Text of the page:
The GIAC requests a review of the current grading standards/policies as it pertains to customer load orders for items currently being considered as “self-imposed limits”, to allow for grading/certification of these items as a function of the official grade and certificates.
Export customer requirements are evolving to include more specificity than the traditional FGIS grade factors/procedures allow. These requests that are not certified by FGIS personnel are then inserted as “elevator instructions” on the official load orders and require the loading elevator or a third party/independent lab to verify, thus causing duplicate management, grading and paperwork for items that are already being officially graded and documented by FGIS. This duplicity seems contrary to the AMS mission to create marketing opportunities for and help facilitate trade for US food and feed products.
Examples of typical load order requests that currently require “elevator instructions”:
- Heat Damage: Average 0.0% or less, Maximum 0.2% per sublot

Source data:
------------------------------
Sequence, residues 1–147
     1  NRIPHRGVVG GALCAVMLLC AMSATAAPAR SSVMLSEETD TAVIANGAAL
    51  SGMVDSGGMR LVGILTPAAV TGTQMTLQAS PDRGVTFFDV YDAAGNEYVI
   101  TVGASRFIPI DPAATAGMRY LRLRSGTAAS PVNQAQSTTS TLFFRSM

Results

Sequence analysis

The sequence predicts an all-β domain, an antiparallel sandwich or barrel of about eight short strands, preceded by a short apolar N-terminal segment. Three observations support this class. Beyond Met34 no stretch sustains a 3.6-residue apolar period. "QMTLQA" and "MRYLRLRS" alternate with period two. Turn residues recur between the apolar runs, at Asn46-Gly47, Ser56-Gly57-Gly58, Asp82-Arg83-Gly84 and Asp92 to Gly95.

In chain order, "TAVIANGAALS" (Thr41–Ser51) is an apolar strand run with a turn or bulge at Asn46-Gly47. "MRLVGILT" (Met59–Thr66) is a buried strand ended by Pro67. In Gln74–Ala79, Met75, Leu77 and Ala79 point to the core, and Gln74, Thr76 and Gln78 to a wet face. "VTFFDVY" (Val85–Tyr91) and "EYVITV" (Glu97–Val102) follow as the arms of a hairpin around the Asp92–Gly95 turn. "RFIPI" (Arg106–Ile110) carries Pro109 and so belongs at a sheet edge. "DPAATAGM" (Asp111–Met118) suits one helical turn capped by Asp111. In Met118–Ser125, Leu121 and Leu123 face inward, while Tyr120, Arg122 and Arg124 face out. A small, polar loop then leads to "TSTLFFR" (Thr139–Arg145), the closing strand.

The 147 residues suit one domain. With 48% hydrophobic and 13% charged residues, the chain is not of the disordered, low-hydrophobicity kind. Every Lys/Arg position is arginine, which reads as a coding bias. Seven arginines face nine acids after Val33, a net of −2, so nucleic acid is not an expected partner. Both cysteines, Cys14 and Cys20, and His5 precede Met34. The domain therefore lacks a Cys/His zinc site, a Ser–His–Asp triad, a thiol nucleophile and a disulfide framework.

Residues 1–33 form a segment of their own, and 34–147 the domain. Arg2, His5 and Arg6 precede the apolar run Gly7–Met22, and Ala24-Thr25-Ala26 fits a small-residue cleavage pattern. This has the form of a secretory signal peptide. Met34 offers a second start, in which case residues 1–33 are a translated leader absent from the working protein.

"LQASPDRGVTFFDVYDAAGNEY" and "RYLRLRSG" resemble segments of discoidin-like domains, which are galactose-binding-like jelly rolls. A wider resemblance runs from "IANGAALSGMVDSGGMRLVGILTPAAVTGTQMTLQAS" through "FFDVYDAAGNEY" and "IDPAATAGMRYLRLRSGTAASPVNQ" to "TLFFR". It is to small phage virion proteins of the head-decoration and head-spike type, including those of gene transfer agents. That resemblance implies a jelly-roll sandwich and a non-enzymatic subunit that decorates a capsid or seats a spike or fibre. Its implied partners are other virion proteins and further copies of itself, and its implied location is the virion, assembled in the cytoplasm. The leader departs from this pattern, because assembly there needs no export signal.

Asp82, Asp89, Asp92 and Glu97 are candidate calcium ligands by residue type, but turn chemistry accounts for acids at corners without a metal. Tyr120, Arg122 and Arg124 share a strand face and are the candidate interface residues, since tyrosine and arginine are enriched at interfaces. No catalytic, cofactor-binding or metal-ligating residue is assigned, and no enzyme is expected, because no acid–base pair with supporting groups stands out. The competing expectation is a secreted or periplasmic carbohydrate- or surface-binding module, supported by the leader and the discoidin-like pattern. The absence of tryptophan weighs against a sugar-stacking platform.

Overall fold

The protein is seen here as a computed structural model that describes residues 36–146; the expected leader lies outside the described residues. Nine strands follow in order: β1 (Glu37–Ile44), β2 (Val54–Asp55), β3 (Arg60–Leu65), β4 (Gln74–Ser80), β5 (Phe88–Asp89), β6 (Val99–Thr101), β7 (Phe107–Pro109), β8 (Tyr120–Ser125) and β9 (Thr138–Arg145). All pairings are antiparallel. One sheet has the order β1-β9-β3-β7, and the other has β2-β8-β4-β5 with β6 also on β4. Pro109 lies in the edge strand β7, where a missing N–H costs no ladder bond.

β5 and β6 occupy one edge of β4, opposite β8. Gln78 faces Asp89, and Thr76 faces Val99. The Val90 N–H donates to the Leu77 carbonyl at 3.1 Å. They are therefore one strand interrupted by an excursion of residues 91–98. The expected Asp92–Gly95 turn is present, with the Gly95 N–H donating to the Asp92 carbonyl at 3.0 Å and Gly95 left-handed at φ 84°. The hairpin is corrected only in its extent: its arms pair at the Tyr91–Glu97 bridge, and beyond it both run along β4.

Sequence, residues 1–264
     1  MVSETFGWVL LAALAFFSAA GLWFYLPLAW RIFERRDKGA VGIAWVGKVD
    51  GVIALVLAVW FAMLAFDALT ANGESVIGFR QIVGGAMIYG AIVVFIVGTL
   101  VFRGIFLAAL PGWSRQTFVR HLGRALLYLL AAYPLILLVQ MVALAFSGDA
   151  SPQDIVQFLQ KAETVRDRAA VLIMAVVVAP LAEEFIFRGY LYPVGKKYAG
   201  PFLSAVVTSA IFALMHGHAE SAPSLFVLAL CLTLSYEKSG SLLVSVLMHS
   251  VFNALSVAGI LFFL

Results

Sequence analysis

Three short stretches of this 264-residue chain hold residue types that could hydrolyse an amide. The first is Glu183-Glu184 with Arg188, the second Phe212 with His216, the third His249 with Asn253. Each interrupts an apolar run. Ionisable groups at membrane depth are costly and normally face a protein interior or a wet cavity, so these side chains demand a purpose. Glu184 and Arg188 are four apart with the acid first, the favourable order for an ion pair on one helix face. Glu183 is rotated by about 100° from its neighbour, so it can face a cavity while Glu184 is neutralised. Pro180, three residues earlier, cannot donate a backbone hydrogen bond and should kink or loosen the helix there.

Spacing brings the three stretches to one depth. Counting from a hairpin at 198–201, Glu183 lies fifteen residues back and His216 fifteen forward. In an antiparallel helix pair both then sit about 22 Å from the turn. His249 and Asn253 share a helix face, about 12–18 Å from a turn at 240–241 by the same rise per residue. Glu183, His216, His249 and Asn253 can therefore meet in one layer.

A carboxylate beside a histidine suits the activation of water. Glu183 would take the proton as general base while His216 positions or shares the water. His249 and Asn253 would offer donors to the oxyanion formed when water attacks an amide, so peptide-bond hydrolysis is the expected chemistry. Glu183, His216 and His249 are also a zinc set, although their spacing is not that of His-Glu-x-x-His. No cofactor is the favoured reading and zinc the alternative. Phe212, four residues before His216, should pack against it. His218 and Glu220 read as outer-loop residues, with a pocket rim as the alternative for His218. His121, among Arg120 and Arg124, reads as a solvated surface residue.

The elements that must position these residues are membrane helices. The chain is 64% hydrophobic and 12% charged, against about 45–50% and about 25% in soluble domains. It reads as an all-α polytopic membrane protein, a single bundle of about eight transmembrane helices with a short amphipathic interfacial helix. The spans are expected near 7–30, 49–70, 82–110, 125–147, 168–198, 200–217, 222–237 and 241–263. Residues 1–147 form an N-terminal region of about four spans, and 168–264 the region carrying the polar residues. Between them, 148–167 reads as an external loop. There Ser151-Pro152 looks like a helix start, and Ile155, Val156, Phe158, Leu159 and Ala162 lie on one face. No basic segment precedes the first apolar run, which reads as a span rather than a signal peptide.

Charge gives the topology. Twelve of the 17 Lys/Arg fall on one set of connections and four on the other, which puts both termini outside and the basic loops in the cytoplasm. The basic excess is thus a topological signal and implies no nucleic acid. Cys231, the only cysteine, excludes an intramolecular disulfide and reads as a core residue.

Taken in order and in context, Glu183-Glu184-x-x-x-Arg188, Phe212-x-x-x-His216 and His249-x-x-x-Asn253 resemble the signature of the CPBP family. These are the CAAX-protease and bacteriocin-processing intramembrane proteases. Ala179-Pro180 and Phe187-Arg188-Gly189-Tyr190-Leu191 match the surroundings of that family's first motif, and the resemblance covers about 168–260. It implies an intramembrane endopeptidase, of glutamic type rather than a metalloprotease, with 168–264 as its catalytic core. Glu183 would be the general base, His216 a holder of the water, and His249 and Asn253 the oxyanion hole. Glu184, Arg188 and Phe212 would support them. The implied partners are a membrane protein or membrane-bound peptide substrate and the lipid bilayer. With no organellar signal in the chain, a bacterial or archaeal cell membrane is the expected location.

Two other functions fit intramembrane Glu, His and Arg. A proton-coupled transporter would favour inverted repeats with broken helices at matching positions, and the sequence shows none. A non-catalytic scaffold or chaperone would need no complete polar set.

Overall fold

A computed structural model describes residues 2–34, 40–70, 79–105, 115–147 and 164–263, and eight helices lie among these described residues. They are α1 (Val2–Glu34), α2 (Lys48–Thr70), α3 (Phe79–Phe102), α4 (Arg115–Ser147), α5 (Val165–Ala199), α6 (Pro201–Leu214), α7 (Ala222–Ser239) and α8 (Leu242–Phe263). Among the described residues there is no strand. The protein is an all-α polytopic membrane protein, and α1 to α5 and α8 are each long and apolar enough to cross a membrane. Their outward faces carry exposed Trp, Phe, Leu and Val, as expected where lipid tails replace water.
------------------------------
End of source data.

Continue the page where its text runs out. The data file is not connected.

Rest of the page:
- Protein average of 14.0 or more, with a Minimum of 13.8 for each sublot
Page 1-10 of Book III states it is the shipper’s responsibility to maintain and self-imposed limits on an average request. When “average” factor result inspection is requested, it is the loading elevator’s responsibility to meet the quality level specified in the contract. The final inspection certificate for “average” factors is based on the final factor average.
- WWH with WHCB not less than 25% average
Book 3 page 1-15: d. Average quality is not applicable to class, (except for grains where class is a grading factor) subclass and special grades. Breakpoints and starting values are applied to factors not applicable to average quality. Sublots exceeding the breakpoint are declared material portions.
Each of these above cases has a different technical reason for utilizing the “elevator instruction” method for adherence to the customer load order. However, in each case, they are factors that are already being graded and reported by FGIS for the official grade but are not indicated in any way by FGIS to the loading elevator. By using the “elevator instructions” method, the loading elevator personnel must notice the grade, and the only option is to EER the sublot should it not meet the specification of the elevator instruction. EER is an acceptable solution, however the intent of this review request is to have FGIS assist with reporting/certifying of the requested grade factors in accordance with the requested load order.
The GIAC recommends that a mechanism to report/certify all parts of a customer’s load order be implemented, specifically for grade factors currently using the “elevator instructions” section due to current Handbook policies and procedures.